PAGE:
With an anxious eye to the sky early Wednesday morning, LSU researchers joined about 50 members of an international team as they watched the culmination of 10 years of work launch into orbit on a Japanese cargo vessel.
The CALorimetric Electron Telescope went from launch at the Tanegashima Space Center in Japan to orbit in about 15 minutes as it began its five-day trip to rendezvous with the International Space Station on Monday.
The telescope will be attached to the space station and for at least the next five years will be looking for high-energy particles that can tell scientists more about the universe.
For the past decade, a team of 50 international researchers have been working to develop CALET. The team was led by Japanese researchers joined by colleagues in Italy and the United States, including researchers from LSU.
High-energy particles such as electrons or protons are being studied worldwide, most famously at the European Organization for Nuclear Research facility, known as CERN, at the France-Switzerland border. Astrophysicists are looking at how these particles react at higher and higher energy levels.
“That’s where we’re finding the action is,” said John Wefel, professor emeritus at LSU in the Department of Physics & Astronomy.
“Mother Nature is doing something CERN can’t even do yet,” Wefel said. “They’re all trying to tell us something, and we’re trying to figure out what they’re telling us.”
Once the equipment has docked, the robotic arm will mount the telescope outside the space station, where it will remain while air bubbles still in the equipment slowly leach out before it can be powered up. Information from the telescope should start coming back to Earth in about three months.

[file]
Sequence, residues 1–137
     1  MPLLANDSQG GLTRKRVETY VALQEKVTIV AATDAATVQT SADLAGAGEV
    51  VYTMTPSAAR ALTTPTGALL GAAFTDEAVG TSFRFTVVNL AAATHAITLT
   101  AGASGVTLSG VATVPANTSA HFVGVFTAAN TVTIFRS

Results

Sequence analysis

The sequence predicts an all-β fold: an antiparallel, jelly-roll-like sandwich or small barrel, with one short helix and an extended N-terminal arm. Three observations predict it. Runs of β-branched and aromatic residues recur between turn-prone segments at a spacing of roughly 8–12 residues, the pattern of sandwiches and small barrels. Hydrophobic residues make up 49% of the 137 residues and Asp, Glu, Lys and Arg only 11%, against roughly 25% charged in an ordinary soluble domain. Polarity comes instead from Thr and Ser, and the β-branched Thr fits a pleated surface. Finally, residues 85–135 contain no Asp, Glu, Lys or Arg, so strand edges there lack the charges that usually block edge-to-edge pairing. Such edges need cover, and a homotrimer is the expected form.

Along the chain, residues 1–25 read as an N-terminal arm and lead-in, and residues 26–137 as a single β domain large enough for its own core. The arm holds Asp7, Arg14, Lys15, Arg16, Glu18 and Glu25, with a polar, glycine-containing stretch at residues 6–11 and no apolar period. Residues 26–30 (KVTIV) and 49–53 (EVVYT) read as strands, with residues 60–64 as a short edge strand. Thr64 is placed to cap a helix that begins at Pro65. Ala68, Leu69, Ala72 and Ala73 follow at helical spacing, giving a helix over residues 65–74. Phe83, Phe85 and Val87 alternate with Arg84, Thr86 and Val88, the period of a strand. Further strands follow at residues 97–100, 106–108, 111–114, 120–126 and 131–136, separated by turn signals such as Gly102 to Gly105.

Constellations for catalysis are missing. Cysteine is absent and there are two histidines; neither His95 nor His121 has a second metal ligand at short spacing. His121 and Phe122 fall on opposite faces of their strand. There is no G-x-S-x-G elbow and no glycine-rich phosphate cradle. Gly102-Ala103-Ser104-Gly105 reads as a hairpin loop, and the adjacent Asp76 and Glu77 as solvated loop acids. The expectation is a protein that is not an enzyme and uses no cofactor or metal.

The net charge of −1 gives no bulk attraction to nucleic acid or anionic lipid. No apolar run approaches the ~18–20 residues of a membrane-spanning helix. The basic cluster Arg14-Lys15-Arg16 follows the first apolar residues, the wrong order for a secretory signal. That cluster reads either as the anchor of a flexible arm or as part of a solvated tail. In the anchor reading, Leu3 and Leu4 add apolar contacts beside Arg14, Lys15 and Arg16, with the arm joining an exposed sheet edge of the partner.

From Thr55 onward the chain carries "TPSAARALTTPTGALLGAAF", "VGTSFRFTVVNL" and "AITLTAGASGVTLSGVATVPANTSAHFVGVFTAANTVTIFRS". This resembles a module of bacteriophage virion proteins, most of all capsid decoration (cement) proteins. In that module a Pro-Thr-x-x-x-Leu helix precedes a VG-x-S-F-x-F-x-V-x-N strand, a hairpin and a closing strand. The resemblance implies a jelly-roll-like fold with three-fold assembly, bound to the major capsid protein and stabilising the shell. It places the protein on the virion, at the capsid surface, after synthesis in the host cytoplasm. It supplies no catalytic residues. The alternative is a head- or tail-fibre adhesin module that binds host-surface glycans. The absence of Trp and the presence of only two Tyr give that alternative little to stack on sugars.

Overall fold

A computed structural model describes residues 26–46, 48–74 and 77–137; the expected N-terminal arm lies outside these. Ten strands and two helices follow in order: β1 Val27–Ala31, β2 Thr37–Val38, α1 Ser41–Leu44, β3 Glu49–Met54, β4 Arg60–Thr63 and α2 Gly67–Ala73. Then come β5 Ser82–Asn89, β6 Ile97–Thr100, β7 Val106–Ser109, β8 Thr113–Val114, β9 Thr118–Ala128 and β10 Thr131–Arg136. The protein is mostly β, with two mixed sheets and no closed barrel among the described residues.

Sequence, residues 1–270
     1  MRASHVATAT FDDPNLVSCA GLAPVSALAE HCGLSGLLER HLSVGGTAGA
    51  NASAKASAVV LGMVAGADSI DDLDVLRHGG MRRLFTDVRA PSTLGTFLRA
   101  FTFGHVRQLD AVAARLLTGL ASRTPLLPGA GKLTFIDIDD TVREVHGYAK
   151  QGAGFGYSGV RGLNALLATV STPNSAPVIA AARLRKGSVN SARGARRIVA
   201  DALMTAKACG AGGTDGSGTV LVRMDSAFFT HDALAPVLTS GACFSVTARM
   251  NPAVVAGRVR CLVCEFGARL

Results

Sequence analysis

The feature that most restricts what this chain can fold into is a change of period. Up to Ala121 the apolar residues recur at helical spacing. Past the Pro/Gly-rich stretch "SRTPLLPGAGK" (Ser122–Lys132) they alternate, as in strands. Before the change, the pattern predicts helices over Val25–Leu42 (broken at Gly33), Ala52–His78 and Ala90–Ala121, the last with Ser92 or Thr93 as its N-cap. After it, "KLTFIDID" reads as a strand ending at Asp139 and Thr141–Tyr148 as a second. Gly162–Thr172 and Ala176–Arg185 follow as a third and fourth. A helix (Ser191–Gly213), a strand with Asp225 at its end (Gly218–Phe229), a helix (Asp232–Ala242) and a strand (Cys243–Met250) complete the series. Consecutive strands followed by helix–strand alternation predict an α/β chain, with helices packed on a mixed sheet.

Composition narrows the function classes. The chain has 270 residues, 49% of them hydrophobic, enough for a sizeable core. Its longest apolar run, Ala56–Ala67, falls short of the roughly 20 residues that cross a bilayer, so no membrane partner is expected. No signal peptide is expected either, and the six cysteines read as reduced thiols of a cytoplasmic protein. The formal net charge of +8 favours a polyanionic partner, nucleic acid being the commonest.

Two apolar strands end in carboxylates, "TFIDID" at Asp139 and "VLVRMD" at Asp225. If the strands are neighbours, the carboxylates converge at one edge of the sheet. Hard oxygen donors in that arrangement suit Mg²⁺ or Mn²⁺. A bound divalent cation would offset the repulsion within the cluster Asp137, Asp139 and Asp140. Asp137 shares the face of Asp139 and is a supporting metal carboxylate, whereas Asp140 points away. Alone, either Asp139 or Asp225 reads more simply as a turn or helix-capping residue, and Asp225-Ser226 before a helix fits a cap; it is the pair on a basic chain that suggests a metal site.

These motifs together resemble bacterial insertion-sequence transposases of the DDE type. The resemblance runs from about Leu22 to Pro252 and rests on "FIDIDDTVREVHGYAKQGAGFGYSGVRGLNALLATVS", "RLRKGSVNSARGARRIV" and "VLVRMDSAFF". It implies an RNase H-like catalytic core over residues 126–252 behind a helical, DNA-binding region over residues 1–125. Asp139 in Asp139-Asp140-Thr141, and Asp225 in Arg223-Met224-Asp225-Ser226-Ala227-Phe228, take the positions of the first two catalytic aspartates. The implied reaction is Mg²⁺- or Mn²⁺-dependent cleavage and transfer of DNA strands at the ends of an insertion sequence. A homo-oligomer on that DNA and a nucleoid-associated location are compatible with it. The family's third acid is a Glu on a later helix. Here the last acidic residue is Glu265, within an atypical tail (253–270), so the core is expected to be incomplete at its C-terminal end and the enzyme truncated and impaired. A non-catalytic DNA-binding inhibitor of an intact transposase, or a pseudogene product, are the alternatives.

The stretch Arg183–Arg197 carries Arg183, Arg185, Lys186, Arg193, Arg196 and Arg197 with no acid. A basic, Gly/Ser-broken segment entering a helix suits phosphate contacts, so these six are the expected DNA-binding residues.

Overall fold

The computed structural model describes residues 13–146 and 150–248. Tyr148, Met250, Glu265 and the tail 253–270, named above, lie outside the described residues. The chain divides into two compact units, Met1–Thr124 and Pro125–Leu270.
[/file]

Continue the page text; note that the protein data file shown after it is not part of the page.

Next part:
That information could help answer questions like what is the source of cosmic rays, and help determine how much radiation humans could face in space, according to NASA.
The work also could help researchers better understand “dark matter,” a mysterious substance that may make up about 27 percent of the universe, according to NASA.
“Dark matter, we know it has to be around, but we’ve never been able to see it directly,” said Nick Cannady, a doctoral graduate student working on the project.
Because it apparently neither absorbs nor emits light, dark matter is impossible to observe with telescopes.
Researchers know it exists primarily because of how other things that we can see react to its existence.
“Cosmic rays give a secondary look at dark matter,” Cannady said.
Cannady’s thesis will be looking at gamma rays, or high-energy light, within the cosmic rays.
His work on the project is to help develop software that will allow LSU to serve as the U.S. base for sending out data from the telescope to U.S. partners.
Also joining in developing the telescope were researchers at Washington University in St. Louis, NASA Goddard Space Flight Center and the University of Denver.
Follow Amy Wold on Twitter, @awold10.